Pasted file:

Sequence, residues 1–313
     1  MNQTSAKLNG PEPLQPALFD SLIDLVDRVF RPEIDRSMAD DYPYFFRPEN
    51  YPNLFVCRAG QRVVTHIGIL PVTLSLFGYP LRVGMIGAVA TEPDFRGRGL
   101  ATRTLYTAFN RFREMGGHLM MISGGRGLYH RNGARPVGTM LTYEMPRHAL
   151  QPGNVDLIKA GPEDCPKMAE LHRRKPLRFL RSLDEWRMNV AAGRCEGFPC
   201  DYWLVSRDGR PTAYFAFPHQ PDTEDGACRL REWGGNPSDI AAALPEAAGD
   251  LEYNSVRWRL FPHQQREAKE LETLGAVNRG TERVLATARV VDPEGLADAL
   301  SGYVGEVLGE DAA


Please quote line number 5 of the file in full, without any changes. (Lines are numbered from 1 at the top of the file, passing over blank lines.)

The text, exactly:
   151  QPGNVDLIKA GPEDCPKMAE LHRRKPLRFL RSLDEWRMNV AAGRCEGFPC